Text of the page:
Physicians in single and multispecialty group practices, and those within healthcare organizations, earn higher incomes compared with colleagues in academia, outpatient clinics and solo practitioners.
If they had to do it all again, would physicians choose to be physicians? 54% would still pick medicine as a career…the other 46? Not so much…
Health Populi’s Hot Points: Economics is driving physician discontent in the United States. Not only are at least half of medical specialties seeing falling incomes, but the future potential for money looks dire in at least two respects: accountable care is seen by at least one-half of physicians as a cause for income to decline; and, regulations and paperwork eat further into profit margins for physician practices.
One of the strange things about health care in America is the manner in which decisions are made about how different kinds of doctors should get paid for their services. It turns out that the system is controlled in a way most consumers would find unbelievable. As noted by the Wall Street Journal:
Three times a year, 29 doctors gather around a table in a hotel meeting room. Their job is an unusual one: divvying up billions of Medicare dollars.
The group, convened by the American Medical Association, has no official government standing. Members are mostly selected by medical-specialty trade groups. Anyone who attends its meetings must sign a confidentiality agreement.
Yet the influence of the secretive panel, known as the Relative Value Scale Update Committee, is enormous. The Centers for Medicare and Medicaid Services, which oversee Medicare, typically follow at least 90% of its recommendations in figuring out how much to pay doctors for their work. Medicare spends over $60 billion a year on doctors and other practitioners. Many private insurers and Medicaid programs also use the federal system in creating their own fee schedules.
On February 1, the American Medical Association’s Relat ive Value Scale Update Committee (RUC), Medicare’s primary advisor on physician payment, announced the addition of two seats: a permanent one for geriatrics and a rotating one for primary care. The American Geriatrics Society and the American College of Physicians praised the move as a step forward that will amplify the RUC’s appreciation of their physicians’ contributions.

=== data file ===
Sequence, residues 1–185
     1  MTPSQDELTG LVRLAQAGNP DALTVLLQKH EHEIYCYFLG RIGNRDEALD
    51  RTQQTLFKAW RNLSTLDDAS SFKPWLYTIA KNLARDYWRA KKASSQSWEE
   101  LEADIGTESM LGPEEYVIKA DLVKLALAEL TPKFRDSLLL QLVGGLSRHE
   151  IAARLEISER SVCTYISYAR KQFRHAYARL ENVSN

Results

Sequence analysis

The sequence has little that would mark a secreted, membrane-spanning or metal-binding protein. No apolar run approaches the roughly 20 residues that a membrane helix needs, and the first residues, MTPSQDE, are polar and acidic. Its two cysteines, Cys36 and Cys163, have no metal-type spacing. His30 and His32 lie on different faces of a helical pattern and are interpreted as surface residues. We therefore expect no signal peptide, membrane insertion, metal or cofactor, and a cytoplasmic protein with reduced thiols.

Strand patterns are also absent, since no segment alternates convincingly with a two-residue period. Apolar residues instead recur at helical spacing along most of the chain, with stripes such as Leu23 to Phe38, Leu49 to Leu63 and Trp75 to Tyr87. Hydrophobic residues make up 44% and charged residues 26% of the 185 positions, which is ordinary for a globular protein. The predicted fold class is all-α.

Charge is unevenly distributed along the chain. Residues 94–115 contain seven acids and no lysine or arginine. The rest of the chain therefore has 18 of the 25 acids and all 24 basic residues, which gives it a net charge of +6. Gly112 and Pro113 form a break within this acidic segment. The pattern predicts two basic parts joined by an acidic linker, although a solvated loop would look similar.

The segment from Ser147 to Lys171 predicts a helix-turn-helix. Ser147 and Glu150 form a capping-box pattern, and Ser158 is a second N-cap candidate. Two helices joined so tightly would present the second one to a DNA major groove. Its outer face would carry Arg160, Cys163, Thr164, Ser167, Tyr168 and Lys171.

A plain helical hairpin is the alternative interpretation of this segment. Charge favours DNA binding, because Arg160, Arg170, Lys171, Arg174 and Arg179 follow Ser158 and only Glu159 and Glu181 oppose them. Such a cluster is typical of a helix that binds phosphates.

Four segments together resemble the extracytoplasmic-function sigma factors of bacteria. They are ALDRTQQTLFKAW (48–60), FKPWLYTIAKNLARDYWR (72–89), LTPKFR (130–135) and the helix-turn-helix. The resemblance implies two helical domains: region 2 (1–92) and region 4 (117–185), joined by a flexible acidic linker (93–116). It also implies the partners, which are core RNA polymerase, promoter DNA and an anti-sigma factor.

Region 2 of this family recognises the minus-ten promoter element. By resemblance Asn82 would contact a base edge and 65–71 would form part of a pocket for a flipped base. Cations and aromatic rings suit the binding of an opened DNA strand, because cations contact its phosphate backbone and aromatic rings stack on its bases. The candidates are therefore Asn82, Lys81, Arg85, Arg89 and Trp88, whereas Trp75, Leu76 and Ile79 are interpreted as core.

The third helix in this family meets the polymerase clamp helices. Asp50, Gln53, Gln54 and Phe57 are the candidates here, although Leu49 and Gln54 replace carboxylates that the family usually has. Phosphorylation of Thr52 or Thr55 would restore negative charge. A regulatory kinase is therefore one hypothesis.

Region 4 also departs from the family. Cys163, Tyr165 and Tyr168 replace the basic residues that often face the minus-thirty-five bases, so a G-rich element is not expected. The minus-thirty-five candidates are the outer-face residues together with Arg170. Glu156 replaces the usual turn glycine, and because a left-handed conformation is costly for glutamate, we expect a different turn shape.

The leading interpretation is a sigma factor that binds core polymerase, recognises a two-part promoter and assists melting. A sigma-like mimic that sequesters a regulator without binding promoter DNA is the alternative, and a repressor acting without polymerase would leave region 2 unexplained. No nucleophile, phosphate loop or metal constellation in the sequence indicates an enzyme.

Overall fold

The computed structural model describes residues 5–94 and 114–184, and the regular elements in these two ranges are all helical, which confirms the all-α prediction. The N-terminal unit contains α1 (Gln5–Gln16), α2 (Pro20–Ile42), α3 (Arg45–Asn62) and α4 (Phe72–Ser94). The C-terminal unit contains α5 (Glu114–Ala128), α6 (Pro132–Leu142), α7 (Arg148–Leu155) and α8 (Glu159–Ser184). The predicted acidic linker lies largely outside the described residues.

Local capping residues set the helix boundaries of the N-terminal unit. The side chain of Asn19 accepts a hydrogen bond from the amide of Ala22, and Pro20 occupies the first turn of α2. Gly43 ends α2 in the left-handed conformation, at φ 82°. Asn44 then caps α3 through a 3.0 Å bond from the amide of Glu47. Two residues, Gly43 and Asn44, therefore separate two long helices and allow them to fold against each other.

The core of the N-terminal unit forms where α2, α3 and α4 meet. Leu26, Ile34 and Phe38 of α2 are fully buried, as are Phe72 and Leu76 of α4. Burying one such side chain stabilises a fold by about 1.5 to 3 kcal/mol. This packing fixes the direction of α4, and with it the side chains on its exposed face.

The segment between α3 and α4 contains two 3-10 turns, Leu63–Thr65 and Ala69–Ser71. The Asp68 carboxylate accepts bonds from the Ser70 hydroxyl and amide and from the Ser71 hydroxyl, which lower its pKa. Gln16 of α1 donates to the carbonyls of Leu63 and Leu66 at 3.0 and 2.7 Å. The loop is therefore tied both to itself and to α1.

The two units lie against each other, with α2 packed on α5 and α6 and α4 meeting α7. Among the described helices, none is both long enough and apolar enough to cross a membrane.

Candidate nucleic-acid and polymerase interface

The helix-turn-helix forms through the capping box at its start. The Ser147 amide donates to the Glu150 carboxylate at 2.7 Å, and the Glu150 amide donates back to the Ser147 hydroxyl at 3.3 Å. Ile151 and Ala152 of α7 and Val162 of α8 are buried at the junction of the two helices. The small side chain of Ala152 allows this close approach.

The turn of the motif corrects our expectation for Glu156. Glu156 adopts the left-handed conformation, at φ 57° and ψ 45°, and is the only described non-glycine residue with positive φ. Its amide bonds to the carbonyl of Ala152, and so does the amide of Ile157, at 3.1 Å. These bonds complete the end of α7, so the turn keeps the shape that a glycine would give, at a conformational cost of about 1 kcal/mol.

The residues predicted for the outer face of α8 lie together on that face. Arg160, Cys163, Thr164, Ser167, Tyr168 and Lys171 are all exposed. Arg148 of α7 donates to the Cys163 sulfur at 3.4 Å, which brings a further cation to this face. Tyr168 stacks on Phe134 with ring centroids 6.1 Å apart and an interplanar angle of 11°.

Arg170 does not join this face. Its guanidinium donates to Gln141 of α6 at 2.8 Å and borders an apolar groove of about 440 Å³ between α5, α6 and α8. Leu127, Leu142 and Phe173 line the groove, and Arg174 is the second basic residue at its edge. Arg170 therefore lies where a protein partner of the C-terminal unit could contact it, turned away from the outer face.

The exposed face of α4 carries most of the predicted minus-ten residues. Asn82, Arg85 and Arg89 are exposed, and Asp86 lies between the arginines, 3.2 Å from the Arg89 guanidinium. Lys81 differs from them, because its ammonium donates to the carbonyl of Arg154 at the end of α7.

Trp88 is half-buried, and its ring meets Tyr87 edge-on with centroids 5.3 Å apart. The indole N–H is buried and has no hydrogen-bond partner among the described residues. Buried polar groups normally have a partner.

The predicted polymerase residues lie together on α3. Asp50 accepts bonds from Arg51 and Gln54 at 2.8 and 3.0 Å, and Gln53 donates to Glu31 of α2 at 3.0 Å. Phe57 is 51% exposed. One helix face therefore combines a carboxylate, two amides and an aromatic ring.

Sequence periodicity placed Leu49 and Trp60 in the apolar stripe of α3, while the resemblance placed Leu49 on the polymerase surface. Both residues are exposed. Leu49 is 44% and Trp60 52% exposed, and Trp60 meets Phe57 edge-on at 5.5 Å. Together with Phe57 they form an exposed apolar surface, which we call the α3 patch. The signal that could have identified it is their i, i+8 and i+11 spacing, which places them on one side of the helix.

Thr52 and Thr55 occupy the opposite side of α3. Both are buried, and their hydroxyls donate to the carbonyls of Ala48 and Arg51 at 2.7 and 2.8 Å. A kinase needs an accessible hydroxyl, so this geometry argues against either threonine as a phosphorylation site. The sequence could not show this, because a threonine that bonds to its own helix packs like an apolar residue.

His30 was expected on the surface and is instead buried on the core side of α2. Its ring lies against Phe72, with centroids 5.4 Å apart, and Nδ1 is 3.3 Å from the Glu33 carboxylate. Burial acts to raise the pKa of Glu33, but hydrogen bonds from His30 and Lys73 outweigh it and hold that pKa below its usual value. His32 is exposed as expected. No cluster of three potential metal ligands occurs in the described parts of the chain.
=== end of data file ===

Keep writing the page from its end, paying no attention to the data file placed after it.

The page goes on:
But the RUC’s maneuvers are a cynical sleight of hand. They attempt to assuage charges of sub-specialty bias while continuing the RUC’s sub-specialty dominance. The additions reduce proceduralists’ share of votes from 27 of 29 (93 percent) to 27 of 31 (87 percent), hardly a power shift. Primary care comprises about 35 percent of US physicians, but cognitive medicine would have only 13 percent of the votes.
I recently gave grand rounds at my hospital, and spoke on specialty over primary care dominance in the U.S. system. I focused on the difficulties of care coordination, i.e., “the stress” of ambulatory practice, and touched the third rail of reimbursement and salary. Surprisingly, on the latter point, I received little venom or push back from the specialists. I was shocked–literally, and staved off my own electrocution. Maybe we are accruing more evidence to support non-specialty practice and reality is setting in?
Despite that, at the annual AMA House of Delegates meeting, no other subject generates more sizzle than physician pay (putting the ACA aside). However, given the national budget, no new money will enter the system, and solving the primary care provider crisis will entail multiple fixes:
Stipends and financial support
GME incentives, including lifting training caps
Restructuring office practice to improve quality of life
Utilization of midlevels and other venues of care to offload low acuity patient volume